There are no solutions to this, in terms of making Ctrl-Space pass through the Bash terminal, at the time of this writing (1 Sep 2016)—but there is a workaround that may be sufficient for many users: use PuTTY to connect via SSH, which forces handling of Ctrl-Space. (In tty mode, it's impossible to distinguish Ctrl-Space from Ctrl-@, because they are the same character code, but that shouldn't be an issue, as by default Emacs is set up to handle
set-mark-command that way.)
- Install the OpenSSH server with
sudo apt-get install openssh-server. If it was already installed, remove it (
sudo apt-get remove openssh-server) and then reinstall it to get the config files reset.
Edit the /etc/ssh/sshd_config file (with sudo), as follows:
- If there is an uncommented line setting
PermitRootLogin, comment it out. Add a line
- Add a line
AllowUsers USERNAME, replacing USERNAME with your Linux username (if you don't know what that is, run the command
whoami at your Bash prompt).
- Ideally you should set up passwordless authentication using SSH keys, but how to do that is out of the scope of this question (there are many guides available; search the web for "passwordless ssh-keygen"). In the meantime, add or uncomment the line
UsePrivilegeSeparation no; likely you will find a line in the file saying
UsePrivilegeSeparation yes; just change the
no and save the /etc/ssh/sshd_config file.
If something goes wrong here, you can restore the file by repeating step #1.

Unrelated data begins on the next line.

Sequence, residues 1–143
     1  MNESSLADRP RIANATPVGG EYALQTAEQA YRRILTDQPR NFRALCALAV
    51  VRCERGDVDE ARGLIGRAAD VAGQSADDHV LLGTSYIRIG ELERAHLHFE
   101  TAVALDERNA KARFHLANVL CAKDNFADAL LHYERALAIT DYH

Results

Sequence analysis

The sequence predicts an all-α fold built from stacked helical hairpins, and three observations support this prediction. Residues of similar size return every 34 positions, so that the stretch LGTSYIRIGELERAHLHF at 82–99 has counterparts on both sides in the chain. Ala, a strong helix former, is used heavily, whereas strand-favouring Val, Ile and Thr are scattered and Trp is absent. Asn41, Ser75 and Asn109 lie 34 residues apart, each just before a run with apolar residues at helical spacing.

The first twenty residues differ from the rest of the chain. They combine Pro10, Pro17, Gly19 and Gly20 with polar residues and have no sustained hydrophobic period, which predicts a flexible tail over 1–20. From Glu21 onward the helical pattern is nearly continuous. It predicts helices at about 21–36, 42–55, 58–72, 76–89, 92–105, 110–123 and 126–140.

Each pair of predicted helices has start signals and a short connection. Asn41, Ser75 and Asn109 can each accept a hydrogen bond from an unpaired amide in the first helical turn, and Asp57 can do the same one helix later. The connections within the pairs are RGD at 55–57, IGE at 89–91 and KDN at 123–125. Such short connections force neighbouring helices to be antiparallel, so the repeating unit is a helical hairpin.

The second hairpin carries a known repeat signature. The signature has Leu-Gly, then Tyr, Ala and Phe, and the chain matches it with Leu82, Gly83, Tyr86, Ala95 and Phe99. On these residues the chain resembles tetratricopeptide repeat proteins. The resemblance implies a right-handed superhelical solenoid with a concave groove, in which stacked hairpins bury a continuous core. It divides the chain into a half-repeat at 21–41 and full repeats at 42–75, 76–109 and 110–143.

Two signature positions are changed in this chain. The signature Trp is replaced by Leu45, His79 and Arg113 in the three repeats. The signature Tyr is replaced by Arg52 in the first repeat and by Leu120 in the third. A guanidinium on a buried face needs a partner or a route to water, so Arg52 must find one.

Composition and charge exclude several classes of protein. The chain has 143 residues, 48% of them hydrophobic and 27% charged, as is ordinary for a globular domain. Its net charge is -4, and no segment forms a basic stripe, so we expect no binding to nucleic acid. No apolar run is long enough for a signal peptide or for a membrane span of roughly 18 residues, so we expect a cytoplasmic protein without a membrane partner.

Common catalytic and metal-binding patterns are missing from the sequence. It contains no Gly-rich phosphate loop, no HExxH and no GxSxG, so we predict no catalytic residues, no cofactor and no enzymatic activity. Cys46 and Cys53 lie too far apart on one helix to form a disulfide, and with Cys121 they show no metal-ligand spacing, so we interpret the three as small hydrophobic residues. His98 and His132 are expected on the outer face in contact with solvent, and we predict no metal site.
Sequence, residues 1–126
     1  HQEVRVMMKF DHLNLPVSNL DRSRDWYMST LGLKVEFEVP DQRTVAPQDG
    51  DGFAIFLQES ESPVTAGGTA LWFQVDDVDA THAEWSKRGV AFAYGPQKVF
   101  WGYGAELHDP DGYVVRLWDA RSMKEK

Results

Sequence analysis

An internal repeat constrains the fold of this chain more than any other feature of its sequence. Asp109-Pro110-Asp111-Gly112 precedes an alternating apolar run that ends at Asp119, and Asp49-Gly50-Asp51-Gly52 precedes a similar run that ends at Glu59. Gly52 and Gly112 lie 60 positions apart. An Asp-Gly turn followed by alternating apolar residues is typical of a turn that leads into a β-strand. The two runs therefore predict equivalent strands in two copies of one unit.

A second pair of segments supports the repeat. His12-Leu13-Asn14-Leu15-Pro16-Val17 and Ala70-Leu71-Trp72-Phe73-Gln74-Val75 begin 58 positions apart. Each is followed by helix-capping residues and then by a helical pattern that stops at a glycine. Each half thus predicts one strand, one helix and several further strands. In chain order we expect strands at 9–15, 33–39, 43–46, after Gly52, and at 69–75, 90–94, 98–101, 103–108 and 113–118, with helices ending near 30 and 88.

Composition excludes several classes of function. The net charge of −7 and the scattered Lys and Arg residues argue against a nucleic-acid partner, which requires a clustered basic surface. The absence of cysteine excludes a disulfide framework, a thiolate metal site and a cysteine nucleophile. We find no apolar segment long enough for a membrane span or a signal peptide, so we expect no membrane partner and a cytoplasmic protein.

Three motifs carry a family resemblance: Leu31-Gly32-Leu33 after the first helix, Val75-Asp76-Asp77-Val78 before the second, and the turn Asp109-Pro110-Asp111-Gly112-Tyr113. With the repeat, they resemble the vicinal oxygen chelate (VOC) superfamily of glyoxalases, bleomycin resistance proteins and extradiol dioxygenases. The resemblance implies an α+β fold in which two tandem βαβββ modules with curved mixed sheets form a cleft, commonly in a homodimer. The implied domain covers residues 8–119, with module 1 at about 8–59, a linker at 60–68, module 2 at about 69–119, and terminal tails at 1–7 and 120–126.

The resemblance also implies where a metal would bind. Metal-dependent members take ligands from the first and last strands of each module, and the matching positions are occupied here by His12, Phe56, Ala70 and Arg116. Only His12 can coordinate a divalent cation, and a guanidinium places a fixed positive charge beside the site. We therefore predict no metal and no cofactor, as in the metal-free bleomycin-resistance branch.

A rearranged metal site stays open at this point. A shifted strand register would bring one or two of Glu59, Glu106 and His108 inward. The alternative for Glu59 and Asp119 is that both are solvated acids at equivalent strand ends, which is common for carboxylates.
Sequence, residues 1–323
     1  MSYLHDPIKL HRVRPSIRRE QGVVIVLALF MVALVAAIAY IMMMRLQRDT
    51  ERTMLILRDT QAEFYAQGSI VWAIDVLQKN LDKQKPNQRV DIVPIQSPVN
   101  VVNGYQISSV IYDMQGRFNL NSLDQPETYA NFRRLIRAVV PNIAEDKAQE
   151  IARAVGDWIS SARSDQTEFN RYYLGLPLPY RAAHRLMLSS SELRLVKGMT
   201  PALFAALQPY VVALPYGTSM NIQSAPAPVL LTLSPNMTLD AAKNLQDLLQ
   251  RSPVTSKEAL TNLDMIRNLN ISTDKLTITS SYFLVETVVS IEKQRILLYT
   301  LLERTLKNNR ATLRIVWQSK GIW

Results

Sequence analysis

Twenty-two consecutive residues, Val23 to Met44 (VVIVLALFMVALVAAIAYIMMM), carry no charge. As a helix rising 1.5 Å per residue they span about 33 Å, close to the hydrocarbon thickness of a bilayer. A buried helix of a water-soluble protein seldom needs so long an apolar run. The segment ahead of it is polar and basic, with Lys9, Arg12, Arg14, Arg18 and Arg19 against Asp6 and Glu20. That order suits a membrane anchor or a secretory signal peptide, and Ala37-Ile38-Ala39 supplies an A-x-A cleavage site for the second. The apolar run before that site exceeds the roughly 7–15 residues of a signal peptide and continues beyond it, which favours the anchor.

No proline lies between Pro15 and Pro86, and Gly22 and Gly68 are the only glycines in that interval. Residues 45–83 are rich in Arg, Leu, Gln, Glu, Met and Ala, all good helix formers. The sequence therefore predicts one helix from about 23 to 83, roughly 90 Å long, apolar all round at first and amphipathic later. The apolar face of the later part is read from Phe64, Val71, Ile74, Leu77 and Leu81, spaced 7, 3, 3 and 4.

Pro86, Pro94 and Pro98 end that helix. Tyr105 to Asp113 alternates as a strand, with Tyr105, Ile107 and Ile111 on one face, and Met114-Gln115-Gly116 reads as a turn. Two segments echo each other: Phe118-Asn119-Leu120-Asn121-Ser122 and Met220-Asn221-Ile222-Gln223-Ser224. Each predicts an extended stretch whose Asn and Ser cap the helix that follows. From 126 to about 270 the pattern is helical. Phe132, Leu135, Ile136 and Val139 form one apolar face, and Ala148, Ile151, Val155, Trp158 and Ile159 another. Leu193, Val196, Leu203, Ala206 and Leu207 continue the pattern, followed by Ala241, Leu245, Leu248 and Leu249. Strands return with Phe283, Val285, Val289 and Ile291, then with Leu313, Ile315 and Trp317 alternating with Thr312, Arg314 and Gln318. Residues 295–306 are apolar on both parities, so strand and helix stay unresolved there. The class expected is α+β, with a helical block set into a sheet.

- Startup the SSH server with the command
sudo service ssh --full-restart.
- Using PuTTY (download here), login with
localhost in the Hostname field, everything else left as default. You'll be asked to enter your Linux username and your password.
emacs. Ctrl-space will set the mark as desired.
(Note that the steps above will not, by themselves, make your system able to accept SSH connections from other hosts. To do that, you will also have to change your Windows firewall rules to allow inbound TCP port 22.)
In another answer you said, "but putty is not a local terminal." I'm not sure if you weren't aware that you could use
localhost in this way, or if you were dismissing PuTTY because of the greater overhead versus a local terminal. If the latter, I wouldn't worry, an interactive SSH session is an extremely lightweight load. (It's certainly much less load than running an X Window System so you can run a GUI Emacs or an xterm!)
The only real disadvantage to running this way versus a straight terminal is that paste events are sent letter-by-letter, as if you typed the contents of the clipboard very fast, which may cause electric pairs, indention, snippet expansion, etc. to fire. (Paste should not cause key-chord commands to fire, as there's logic to detect an in-progress paste and disable key-chords until the paste is finished.)
And there's at least one very big advantage over the standard Bash terminal, too: mouse events are supported by PuTTY in a form that Emacs can respond to, so, ironically, you can move the point with the mouse in PuTTY even if you can't with the local terminal.